Picture: REUTERS
Picture: REUTERS

Global consultancy firm McKinsey, which has found itself ensnared in state capture allegations, says the firm has, in hindsight, questioned why it continued working alongside Trillian Capital Partners at Eskom when it had failed a due diligence test.

McKinsey was testifying for the second day at the state capture commission, chaired by deputy chief justice Raymond Zondo. The testimony came less than a day after the firm, which is one of the world’s biggest and most influential consulting groups, voluntarily agreed to repay about R650m it received for work done for Transnet and SAA that had involved Gupta-linked consultancy Regiments Capital.

McKinsey’s repayment of the fees follows a July 2018 agreement to return more than R900m to Eskom regarding a contract it was awarded and in which it worked alongside Trillian.

On Thursday, at the Zondo commission, McKinsey distanced itself from state capture allegations, saying an internal investigation cleared it of corruption, except for “several mistakes” committed by its executives.

McKinsey’s senior partner Alexander Weiss, who worked on Eskom projects, explained to the commission on Friday how the firm came to work along side Gupta-linked Trillian at the power utility. Weiss said the firm had intended to appoint Regiments, with which it had done work at Transnet, as its supply development partner at Eskom.

Regiments knew the initiatives McKinsey thought were required to turn Eskom around, and the financial evaluations behind that, he said. However, McKinsey was told that Regiments had moved that side of its business into a separate entity called Trillian.

Weiss said his focus for assigning McKinsey’s contract to a supply development partner was to make sure that the company was “really black owned” and BEE compliant. He was, however, unable to get this information from Trillian, despite making numerous verbal and written requests.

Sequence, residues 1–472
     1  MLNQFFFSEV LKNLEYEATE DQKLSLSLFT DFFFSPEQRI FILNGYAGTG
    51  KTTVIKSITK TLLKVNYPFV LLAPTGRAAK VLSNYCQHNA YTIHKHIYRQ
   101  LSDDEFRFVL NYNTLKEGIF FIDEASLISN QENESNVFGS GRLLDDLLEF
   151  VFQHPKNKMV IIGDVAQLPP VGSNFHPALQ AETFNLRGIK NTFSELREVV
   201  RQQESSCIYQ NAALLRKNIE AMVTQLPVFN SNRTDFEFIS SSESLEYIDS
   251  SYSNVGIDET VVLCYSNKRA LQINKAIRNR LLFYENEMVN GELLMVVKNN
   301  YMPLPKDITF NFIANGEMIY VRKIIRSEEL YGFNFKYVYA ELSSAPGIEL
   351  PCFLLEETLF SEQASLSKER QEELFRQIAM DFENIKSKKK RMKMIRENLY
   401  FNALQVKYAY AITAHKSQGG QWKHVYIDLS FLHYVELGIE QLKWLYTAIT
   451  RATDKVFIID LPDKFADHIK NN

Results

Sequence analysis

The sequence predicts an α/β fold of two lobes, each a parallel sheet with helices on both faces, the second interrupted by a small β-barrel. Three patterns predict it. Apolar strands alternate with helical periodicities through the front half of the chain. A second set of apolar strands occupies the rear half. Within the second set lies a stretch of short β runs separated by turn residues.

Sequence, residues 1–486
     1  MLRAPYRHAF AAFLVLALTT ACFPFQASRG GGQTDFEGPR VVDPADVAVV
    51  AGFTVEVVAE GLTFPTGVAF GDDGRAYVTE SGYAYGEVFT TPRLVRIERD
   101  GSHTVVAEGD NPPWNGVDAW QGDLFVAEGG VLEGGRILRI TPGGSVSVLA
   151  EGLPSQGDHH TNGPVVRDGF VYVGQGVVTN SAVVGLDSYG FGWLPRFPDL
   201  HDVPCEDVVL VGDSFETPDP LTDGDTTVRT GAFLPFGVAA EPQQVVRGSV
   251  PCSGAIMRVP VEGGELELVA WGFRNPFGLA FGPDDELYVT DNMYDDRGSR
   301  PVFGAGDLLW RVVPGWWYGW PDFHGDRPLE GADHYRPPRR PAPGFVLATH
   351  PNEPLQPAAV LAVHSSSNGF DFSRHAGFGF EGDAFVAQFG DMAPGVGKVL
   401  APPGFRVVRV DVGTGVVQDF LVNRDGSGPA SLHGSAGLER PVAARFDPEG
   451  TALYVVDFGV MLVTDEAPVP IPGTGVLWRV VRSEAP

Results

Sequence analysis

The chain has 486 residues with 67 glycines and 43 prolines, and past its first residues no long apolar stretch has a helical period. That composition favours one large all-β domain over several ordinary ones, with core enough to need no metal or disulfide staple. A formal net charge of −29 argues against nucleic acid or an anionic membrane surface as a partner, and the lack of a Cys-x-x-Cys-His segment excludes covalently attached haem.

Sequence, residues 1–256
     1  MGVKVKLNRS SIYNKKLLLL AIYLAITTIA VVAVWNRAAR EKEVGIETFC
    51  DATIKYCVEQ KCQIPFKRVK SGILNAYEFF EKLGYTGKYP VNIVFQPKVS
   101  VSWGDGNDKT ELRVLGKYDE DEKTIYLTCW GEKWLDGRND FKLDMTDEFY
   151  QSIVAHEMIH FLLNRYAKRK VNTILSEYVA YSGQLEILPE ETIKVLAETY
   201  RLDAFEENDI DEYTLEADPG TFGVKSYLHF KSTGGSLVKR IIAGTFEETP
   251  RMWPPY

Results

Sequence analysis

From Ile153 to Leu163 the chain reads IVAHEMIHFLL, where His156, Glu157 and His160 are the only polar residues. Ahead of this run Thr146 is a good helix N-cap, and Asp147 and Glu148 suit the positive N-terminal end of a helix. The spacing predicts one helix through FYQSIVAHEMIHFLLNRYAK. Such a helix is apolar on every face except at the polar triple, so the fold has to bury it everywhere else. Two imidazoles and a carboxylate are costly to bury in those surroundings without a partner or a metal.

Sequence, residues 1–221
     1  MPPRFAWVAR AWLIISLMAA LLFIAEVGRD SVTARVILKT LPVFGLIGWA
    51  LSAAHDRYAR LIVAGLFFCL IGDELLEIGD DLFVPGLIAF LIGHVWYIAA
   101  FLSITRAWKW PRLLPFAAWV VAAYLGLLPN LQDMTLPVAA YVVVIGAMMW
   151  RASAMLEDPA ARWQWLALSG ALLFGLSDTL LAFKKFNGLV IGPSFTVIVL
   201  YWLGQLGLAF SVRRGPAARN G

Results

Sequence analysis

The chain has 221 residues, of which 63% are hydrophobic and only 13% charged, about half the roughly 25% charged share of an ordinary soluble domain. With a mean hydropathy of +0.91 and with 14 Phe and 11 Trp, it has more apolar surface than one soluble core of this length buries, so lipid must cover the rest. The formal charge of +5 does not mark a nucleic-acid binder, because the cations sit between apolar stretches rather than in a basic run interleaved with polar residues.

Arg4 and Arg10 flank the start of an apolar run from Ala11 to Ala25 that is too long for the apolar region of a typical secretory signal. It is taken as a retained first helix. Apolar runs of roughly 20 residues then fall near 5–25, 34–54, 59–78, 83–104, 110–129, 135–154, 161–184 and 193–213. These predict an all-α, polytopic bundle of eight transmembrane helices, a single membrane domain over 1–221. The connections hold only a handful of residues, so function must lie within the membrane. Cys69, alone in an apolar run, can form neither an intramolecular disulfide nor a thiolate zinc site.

He said at the time that a subcontract agreement had already been negotiated, but he did not sign it because he had no evidence of ownership or a BEE certificate. McKinsey, however, continued to work alongside Trillian in “anticipation” of receiving the required information. But in March 2016, when the information was still not forthcoming, Weiss said he sent a termination letter to Trillian. Eskom was also informed of this.

There was another issue: Trillian was helping oversee procurement in the interests of Eskom while having a relationship with a supply development partner bidders. Weiss said this was “super-unacceptable”.

When evidence leader Matthew Chaskalson asked why McKinsey then continued to work along side Trillian, Weiss said, “In hindsight, I am asking the same question ... We did the due diligence; what is fair to say is we shouldn’t have started work before this due diligence [was completed]. We were too slow.”

However, he said that during that time McKinsey did not have any interaction with Trillian on the ground at Eskom.

“It was super-clear that [Trillian] was not going to be our supply development partner,” Weiss said, adding that Eskom and Trillian were made aware of this. “After this, Eskom decided it still wanted to have Trillian around and wanted to work with the company.”

Weiss was also asked about a contract with Eskom that he had backdated to January 2016, when it was only signed in September of that year. This was after Eskom, in June 2016, informed McKinsey that it was terminating its contract.

“What I understood was, since the contract was cancelled and paid, that I was required to sign the contract on that date, when it started,” he said.

Chaskalson asked Weiss why he had done this, and whether it was due to the fear of not being paid. Weiss said no, because it was done after Eskom paid McKinsey, and he indicated he had done it because he had worked with Eskom for some time.

Weiss told the commission that despite all that had transpired, McKinsey had done “real work” at Eskom: “I know we have been tainted in this process but the team on the ground did real work.”



Would you like to comment on this article or view other readers' comments?
Register (it’s quick and free) or sign in now.

Speech Bubbles

Please read our Comment Policy before commenting.